For even more majestic jungle and some mountain views, take a tour along the country’s first modern highway — the
. Starting in Sri Lanka’s biggest city, you will journey through some spectacular scenery as you head inland to Kandy where you can see the
relic of the tooth of Buddha
You’ll see hills, jungle and many a three-wheeler on the Colombo-Kandy road
You can then take virtual leap across the island to the Kandy-Jaffna highway, which heads out to the coast and down to the
Elephant Pass Causeway
. While you may not see any elephants, this stretch of road connecting North and South Sri Lanka gives you a 360 degree view of the Indian Ocean on either side of the road.
The Elephant Pass Causeway is surrounded by the Indian Ocean
While you’re on the coast why not check out
? This popular surfing spot in the country’s southeast is renowned for its amazing point break. If you prefer spending time on the sand rather than on a board, the sleepy little fishing village of
on the northern tip of the island has some pristine beaches to explore.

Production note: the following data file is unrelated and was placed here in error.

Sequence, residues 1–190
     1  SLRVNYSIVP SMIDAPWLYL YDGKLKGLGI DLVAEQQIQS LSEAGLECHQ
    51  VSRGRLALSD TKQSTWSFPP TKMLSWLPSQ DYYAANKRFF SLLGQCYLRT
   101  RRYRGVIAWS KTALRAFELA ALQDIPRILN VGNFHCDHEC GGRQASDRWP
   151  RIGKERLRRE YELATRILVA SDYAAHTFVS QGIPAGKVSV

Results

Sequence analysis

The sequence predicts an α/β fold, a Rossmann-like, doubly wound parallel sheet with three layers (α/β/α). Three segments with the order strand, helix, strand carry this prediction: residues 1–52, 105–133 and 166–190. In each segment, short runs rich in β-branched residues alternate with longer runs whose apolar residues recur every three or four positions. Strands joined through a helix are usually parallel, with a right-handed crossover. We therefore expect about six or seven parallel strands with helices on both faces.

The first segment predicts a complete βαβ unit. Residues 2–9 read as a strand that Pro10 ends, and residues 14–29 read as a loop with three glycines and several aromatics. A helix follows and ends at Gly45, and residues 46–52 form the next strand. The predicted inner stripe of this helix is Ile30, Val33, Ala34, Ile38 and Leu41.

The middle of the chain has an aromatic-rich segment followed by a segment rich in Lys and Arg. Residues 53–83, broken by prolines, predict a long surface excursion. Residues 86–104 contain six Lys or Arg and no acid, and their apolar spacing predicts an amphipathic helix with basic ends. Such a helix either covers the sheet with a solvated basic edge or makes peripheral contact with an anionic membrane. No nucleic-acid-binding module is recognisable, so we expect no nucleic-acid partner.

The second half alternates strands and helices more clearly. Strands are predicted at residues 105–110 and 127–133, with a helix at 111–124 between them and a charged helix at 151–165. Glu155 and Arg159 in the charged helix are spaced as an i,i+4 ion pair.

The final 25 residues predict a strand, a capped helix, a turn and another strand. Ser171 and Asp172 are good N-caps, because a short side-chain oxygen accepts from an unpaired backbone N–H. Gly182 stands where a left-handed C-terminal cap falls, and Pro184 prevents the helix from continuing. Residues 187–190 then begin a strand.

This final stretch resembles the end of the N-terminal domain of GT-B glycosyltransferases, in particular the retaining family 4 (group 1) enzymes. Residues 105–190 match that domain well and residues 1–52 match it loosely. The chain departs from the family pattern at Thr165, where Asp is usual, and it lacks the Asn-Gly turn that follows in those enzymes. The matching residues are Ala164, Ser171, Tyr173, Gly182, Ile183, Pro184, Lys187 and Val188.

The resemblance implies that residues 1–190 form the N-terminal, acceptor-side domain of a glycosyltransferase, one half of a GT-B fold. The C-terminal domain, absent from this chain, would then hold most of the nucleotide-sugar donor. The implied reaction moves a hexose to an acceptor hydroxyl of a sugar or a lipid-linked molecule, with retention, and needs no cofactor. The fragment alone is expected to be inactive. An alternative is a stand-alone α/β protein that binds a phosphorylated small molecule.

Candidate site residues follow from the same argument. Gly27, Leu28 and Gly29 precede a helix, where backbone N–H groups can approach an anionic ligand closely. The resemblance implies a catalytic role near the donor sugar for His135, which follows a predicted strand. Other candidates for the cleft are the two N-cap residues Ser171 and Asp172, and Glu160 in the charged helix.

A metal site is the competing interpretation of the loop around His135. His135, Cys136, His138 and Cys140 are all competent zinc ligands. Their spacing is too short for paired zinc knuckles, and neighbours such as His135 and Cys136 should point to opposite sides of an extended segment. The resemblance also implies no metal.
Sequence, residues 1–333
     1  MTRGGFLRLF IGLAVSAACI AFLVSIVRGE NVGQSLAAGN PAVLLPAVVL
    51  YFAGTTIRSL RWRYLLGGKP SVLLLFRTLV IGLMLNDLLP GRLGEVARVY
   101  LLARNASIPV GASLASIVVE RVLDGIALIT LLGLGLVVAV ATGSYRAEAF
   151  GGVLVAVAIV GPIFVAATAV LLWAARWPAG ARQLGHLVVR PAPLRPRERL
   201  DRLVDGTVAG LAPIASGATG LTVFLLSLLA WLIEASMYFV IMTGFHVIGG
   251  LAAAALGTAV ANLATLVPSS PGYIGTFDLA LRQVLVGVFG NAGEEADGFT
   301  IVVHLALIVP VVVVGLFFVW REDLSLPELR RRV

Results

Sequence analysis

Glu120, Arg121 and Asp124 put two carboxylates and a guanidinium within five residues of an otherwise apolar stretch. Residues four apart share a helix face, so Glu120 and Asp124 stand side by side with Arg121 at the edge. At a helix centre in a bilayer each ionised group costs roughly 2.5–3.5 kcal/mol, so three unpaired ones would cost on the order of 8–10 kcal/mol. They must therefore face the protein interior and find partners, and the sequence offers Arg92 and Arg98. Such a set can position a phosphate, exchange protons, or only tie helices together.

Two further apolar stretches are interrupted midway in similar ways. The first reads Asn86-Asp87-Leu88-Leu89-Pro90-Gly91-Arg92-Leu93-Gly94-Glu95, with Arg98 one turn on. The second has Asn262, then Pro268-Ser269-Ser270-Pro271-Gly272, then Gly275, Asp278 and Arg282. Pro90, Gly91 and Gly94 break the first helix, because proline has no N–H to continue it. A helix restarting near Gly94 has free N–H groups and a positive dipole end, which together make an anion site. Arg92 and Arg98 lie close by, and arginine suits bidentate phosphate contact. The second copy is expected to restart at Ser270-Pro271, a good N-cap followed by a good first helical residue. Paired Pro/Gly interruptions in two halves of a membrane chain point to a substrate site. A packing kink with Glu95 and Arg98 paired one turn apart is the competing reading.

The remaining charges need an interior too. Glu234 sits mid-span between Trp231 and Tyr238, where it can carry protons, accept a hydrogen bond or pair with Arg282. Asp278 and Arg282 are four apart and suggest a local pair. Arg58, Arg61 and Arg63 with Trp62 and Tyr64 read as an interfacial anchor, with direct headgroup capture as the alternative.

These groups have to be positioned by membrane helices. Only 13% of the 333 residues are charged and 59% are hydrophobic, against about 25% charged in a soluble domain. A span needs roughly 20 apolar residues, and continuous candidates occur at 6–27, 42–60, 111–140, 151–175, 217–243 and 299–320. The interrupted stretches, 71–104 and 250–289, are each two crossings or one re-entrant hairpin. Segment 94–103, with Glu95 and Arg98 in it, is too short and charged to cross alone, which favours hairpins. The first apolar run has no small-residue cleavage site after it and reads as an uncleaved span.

Point Pedro is home to many remote beaches
Once you’ve taken in Sri Lanka’s natural beauty, you might be ready to take in some culture. Head north to Anuradhapura, and catch a glimpse of the ancient
. Believed to have
been visited by the Buddha himself
, it was built in 140 B.C. and today remains one of the world’s tallest monuments, standing at over 100 meters.
The ancient Ruwanwelisaya Stupa peaks out from behind the trees
Why not complete your tour by heading back to Colombo where you can see
Old Parliament House
. Built during the British colonial era, it is home to the first democratic parliament, and the Independence Memorial Hall which commemorates Sri Lanka’s independence from British rule 1948.
Street View cars parked at the Independence Avenue
We hope that visiting Sri Lanka with Google Maps (available on
) will inspire a deeper appreciation for the beauty and history of this beautiful country. Whether you continue your
journey in Google Maps
or are inspired to visit in person, we invite you to enjoy the Land of Lions.
Posted by Nishant Nair, Program Manager, APAC Street View Operations
Home Sweet Treehouse
March 18, 2016